on pavement grey

Where you can find the London addresses that were important to famous Irish people and of people who were important to Ireland.

Archive for the category “Uncategorized”

Sam Maguire, more enduring than Sam Allardyce

Sam Maguire, born Mallabracca 1877, died 1927. Sat on the London County Board with Liam MacCarthy. Recruited Michael Collins into the IRB. London Hibernians to their All-Ireland finals at the turn of the century. Worked at Mount Pleasant Post Office, Clerkenwell EC1A 1BB. Best remembered by the All-Ireland senior football trophy, The Sam Maguire Cup.

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A Monument to Hurling in Campberwell

Liam MacCarthy, donor of The MacCarthy all Ireland hurling cup, born in Southwark to Cork parents 1853, died 1828. Buried Camberwell Old Cemetery, Forest Hill Road, East Dulwich, SE22 0RU.

coming soon… Sam Maguire

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picture courtesy of Wikimedia Commons (mural from Falls Road, Belfast)

A great playwright, whose name sounds like a character from Shrek

George Farquhar, born in Derry 1677, died London 1707, buried in St Martin in The Fields.

Author of The Beau Stratagem and The Recruiting Sergeant, he is credited with writing the first modern Irish play (Love in a Bottle).

 

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image courtesy of Wikimedia commons

Not your average clergyman’s daughter

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Photo By Henry Herschel Hay Cameron – Public Domain, https://commons.wikimedia.org/w/index.php?curid=37933743

Alice Stopford Green, Historian and Nationalist (born Co. Meath 1847 – 1929). Lived at 30 Grosvenor Road SW1 where she helped plan the Howth gun-running.

She used her own money to partly pay for 1,500 rifles plus 45,000 rounds of ammunition. In 1914 these were brought across the North Sea in the yacht, Asgard, whose skillful crew included Erskine Childers. The arms and ammunition were landed at Howth Harbour on July 26th.  She was the daughter of a Church of Ireland clergyman and married to the Oxford historian J R Green.

Entry courtesy of research by Tony McDonnell.

The electron is an Offaly invention

File:GeorgeJohnstoneStoney(1826-1911),Undated(DateGuessedEarly1890s).jpgPhotograph courtesy Wikimedia Commons

George Johnstone STONEY, physicist, 1826 – 1911. Born Oakley Park between Clareen and Birr Co. Offaly, died at his home 30 Chepstow Crescent, Notting Hill W11. Of his many important discoveries, his coining of the word ‘electron’ had probably the widest application.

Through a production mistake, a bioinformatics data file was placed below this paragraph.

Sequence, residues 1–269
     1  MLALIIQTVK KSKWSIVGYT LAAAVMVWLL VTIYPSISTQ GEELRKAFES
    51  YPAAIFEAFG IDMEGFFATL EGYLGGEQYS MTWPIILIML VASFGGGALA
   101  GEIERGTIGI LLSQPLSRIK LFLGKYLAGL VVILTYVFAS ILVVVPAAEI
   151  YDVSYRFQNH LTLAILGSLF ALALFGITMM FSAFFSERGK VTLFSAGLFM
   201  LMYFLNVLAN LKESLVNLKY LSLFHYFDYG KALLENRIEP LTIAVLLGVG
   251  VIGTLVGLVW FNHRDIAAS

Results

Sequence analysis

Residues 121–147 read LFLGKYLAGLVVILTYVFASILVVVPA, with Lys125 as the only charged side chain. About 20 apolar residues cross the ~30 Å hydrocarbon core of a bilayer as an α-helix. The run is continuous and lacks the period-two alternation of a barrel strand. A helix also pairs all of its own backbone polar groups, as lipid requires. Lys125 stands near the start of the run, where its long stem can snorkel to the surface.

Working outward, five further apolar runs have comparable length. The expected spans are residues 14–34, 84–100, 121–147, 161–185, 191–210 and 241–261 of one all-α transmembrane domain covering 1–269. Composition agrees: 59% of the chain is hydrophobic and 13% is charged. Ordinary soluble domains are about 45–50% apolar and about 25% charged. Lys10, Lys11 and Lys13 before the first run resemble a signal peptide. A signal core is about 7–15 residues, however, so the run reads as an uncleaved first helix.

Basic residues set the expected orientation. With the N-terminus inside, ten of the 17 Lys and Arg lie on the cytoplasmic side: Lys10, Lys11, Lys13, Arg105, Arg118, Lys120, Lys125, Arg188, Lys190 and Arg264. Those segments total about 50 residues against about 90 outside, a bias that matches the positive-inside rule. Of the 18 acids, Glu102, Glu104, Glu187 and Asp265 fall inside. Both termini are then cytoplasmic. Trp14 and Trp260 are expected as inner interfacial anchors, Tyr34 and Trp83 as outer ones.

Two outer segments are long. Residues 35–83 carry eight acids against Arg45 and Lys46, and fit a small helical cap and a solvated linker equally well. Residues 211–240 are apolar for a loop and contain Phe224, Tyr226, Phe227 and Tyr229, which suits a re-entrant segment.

The coolest scientist

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William Thomson, Lord Kelvin physicist born Belfast 1824 died 1907. President of the Royal Society 1885 – 1890. Interred (near Isaac Newton) in Westminster Abbey.

Among a lifetime of discovery he correctly determined the value of absolute zero, zero degrees Kelvin or minus 273.15 degrees centigrade – the coldest possible temperature and theoretically impossible to reach.

Kitchener was a Kerryman

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Picture credit: Alfred Leete [Public domain], via Wikimedia Commons

Horatio Herbert Kitchener (Lord Kitchener of Khartoum), secretary of State for War. Born Ballylongford Co. Kerry 1850 lost at sea 1916 when his ship, HMS Hampshire, hit a mine (the subject of conspiracy theories, one involving Irish Republicans).

All Souls’ Chapel in the North West of  St Paul’s Cathedral is dedicated to Lord Kitchener’s memory.  

File:Lord Kitchener's tomb, St Paul's Cathedral, London.JPGBy Stephen Dickson (Own work) [CC BY-SA 4.0 (http://creativecommons.org/licenses/by-sa/4.0)%5D, via Wikimedia Commons

 

 

Born in Meath, hanged drawn and quartered in London

 

St Oliver PLUNKETT, martyr and Archbishop of Armagh, born Oldcastle, Co Meath 1629. A victim of Titus Oates’ ‘Papish Plot’, he was found guilty of high treason “for promoting the Catholic faith” and was condemned to be hanged, drawn and quartered. Executed at the Tyburn 1681, now 49 Connaught Square London W2. His preserved head can still be seen in St Peter’s Church Drogheda, Co Louth, Ireland.

Photos: head of St Oliver Plunkett St Peter’s Church Drogheda, Ireland. Courtesy Wikimedia Commons user Trounce.

 Portrait of St Oliver Plunkett, in writer’s collection.

He immortalised the Liberator and is remembered in St Pauls

FOLEY John Henry, sculptor of the O’ Connell Monument, O’ Connell Street, Dublin (born Dublin 1818, died 1874) buried in St Paul’s Cathedral EC4M

Ireland’s Liberator, also educated in London

O’ CONNELL Daniel (The Liberator) politician (born Co Kerry 1775 died 1847)

Studied law at Lincoln’s Inn WC2A (Holborn)

Thanks to Wikicommons for the pictures

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